Where Do I Put Your Memory?

Reminiscences are more valuable to me today than ever.  Perhaps, it’s because I’ve more time behind me than before, but I’m thinking more about the past, anyway.  Occasionally, I make concerted efforts to remember lost events.  Generally, these are fruitless musings, and I wonder if the ghosts I do raise are actual events or fanciful surmisings.  It may be that I’m trying to make some sense of my life- sorting through events and piecing the puzzle.  It actually amazes me that I find myself in this place because I’ve always been a person fairly confident of purpose.  As I step into the future, I’m testing the lines holding me to the past.  I want to know there is former rootedness and present footing for the last gasp. 

During my postgraduate studies, I took a course having to do with brain function.  A significant part of the learning had to do with aspects of memory.  As it turns out, memory is a malleable thing.  Approximately forty percent of a person’s vivid memories are factually inaccurate.  I said forty percent of a person’s vivid memories.  The truth is that much of what we think we know has been planted in our minds, not by Dr. Evil, but through the telling and retelling of events by family and peers until we sincerely believe the occurrences are memories of our own.  It is common for people to have false memories of events apart from nefarious plots.  I sometimes wonder if I got the past right even if I did live it.

Bittersweet memories are all I’m taking with me.  Reflection brings joy and sorrow- often at once.  It is passing strange that it is precisely the sadness which creates beauty.  This is one of life’s mysteries related to the Divine.  As the dark balances the light, so the shadows of life lend pleasantry to images and imaginations.  There is no goodness without wickedness, and even our hurts have healing properties in the continuum of our lives.  So, it is that I carry baggage (necessary and not so much) with me as reminders things did happen, and they did have meaning.  Moses said we spend our years as a tale that is told.  That’s what I have- stories of joy and pain, laughter and tears.  It hurts in a good way.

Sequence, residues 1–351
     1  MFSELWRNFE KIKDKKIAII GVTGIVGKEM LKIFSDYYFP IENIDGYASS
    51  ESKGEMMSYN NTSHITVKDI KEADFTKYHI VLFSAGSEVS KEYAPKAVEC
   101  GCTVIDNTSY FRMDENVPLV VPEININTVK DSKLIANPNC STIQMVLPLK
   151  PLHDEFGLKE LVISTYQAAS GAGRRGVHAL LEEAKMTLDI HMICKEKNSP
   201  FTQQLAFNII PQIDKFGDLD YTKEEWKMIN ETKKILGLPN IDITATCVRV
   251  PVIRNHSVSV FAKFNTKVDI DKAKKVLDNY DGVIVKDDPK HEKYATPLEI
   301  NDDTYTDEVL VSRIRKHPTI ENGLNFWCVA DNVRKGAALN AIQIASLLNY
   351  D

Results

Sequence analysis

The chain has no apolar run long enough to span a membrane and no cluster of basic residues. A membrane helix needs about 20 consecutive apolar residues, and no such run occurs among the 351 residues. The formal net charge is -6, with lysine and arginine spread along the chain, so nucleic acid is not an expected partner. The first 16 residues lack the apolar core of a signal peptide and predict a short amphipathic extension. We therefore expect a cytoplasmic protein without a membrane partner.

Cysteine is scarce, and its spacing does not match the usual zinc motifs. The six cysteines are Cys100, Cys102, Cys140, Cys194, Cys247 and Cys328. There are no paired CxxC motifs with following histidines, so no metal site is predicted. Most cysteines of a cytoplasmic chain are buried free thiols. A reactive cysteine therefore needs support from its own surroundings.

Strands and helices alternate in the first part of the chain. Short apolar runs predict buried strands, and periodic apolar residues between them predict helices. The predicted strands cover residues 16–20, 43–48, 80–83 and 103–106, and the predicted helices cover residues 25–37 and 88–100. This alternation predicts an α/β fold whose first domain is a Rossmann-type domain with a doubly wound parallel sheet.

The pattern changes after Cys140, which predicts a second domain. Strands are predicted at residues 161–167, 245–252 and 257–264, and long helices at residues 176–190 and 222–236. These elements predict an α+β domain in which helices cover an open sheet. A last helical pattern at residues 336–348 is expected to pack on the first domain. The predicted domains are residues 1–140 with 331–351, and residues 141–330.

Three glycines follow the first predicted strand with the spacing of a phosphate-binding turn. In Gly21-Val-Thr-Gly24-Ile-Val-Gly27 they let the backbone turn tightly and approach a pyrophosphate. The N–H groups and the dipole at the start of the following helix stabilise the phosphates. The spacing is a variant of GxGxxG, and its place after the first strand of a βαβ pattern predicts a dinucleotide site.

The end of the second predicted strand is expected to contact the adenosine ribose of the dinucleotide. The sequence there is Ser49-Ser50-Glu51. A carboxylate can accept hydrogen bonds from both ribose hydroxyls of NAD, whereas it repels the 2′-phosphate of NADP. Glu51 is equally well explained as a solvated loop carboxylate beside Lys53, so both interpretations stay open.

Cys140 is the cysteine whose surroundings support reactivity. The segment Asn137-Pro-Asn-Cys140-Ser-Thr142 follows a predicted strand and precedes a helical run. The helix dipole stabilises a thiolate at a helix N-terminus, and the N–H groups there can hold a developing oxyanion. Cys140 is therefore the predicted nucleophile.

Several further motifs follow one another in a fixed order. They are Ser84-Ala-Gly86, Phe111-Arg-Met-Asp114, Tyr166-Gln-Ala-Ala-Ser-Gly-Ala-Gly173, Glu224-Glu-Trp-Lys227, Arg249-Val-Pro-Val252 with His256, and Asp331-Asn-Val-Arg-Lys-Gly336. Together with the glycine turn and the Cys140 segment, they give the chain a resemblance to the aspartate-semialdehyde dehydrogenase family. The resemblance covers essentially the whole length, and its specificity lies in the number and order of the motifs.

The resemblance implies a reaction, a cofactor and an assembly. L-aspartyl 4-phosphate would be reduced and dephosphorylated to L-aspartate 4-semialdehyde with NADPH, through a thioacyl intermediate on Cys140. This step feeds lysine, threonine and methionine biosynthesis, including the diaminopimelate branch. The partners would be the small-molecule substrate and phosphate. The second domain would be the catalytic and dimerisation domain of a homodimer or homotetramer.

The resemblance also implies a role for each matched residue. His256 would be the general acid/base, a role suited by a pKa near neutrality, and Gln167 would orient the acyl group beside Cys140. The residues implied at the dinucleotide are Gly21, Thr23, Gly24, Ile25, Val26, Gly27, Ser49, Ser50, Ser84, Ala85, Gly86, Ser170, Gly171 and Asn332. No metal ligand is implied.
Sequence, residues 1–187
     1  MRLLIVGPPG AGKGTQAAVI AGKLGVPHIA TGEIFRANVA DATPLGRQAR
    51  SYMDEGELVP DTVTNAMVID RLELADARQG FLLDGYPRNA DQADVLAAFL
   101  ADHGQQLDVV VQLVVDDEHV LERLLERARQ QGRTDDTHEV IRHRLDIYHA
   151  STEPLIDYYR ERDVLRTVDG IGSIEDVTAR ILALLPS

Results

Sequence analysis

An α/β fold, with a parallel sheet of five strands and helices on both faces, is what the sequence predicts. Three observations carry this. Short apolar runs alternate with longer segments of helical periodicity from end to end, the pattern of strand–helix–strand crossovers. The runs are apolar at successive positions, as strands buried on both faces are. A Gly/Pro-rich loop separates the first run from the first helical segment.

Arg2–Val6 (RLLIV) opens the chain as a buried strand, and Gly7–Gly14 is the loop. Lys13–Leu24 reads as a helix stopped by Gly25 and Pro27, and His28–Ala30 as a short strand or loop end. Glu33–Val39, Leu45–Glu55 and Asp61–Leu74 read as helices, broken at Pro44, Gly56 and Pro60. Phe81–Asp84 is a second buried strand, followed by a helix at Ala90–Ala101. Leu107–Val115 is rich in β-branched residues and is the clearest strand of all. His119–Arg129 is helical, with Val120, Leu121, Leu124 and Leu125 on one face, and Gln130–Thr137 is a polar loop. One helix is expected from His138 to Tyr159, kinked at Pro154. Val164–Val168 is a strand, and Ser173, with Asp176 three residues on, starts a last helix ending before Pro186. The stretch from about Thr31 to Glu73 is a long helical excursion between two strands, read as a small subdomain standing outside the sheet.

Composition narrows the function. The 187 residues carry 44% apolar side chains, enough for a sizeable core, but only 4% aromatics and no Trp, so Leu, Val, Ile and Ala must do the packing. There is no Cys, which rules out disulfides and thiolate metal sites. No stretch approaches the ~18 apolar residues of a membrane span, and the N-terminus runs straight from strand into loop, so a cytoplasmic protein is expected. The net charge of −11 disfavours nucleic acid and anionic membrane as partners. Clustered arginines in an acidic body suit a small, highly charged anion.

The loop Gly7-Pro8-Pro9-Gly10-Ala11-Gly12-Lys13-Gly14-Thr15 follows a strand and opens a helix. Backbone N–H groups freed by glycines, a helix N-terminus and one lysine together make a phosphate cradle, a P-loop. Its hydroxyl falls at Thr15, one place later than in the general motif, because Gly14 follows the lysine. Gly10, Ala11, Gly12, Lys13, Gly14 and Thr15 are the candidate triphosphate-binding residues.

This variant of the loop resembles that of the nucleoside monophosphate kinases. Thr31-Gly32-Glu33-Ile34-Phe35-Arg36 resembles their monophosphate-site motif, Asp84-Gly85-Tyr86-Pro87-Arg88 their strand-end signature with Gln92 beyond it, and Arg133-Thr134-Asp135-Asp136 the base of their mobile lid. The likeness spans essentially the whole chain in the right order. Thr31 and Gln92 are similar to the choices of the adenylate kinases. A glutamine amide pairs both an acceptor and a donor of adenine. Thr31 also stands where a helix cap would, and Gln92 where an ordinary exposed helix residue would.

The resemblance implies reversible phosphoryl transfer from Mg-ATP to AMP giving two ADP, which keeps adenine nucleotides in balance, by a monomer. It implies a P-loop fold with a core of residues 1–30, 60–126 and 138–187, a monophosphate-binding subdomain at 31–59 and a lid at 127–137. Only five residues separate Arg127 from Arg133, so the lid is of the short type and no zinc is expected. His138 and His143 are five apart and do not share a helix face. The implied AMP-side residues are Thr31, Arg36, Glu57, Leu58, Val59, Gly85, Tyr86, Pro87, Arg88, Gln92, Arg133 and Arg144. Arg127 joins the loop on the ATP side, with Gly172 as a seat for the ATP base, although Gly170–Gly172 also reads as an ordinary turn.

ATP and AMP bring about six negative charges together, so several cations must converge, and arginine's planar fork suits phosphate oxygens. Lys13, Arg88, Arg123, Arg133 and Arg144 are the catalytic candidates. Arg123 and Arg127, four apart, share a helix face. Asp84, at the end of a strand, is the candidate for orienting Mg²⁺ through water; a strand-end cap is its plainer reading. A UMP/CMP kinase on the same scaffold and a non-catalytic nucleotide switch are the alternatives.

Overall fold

I don’t know what to do with some things.  How do I file away the past, and who would care to go through the system anyway?  I can’t shake the hopeless feelings I get when I remember events which seem to have no rational basis or were solely destructive in nature.  Rationalizing the irrantional is a vain pursuit.  And there are many valued antiquities I’ve forgotten.  It would have been nicer to have them sitting on the shelves of recall than the dusty, old shell-casings of ghosts.  I, sometimes, wonder how it is that I can forget the instances and remember the injury.  All I know is that, at this point, I find myself hurting a lot.  While I don’t question God, I question nearly everything else.  It can hurt in a bad way.

You have been a part of my life.  Though I see worth in your contributions, I probably do not even understand the depth of your influence.  In some way, I have been a part of your story, as well.  When did our paths cross, and what were the outcomes?  There may have been things we should have said to one another or, perhaps, unsaid.  A poet wrote, “The moving finger writes and, having writ, moves on.”  There are days beyond recall for sure, and these should remind us that each moment is fleeting and fragile whether good or ill spent.  I hope that your memory of me will bring a smile, and I sincerely desire to think of you with joy.  In our broken world, such thought will be health-giving, and the rest we will commit to God.

Sterl      

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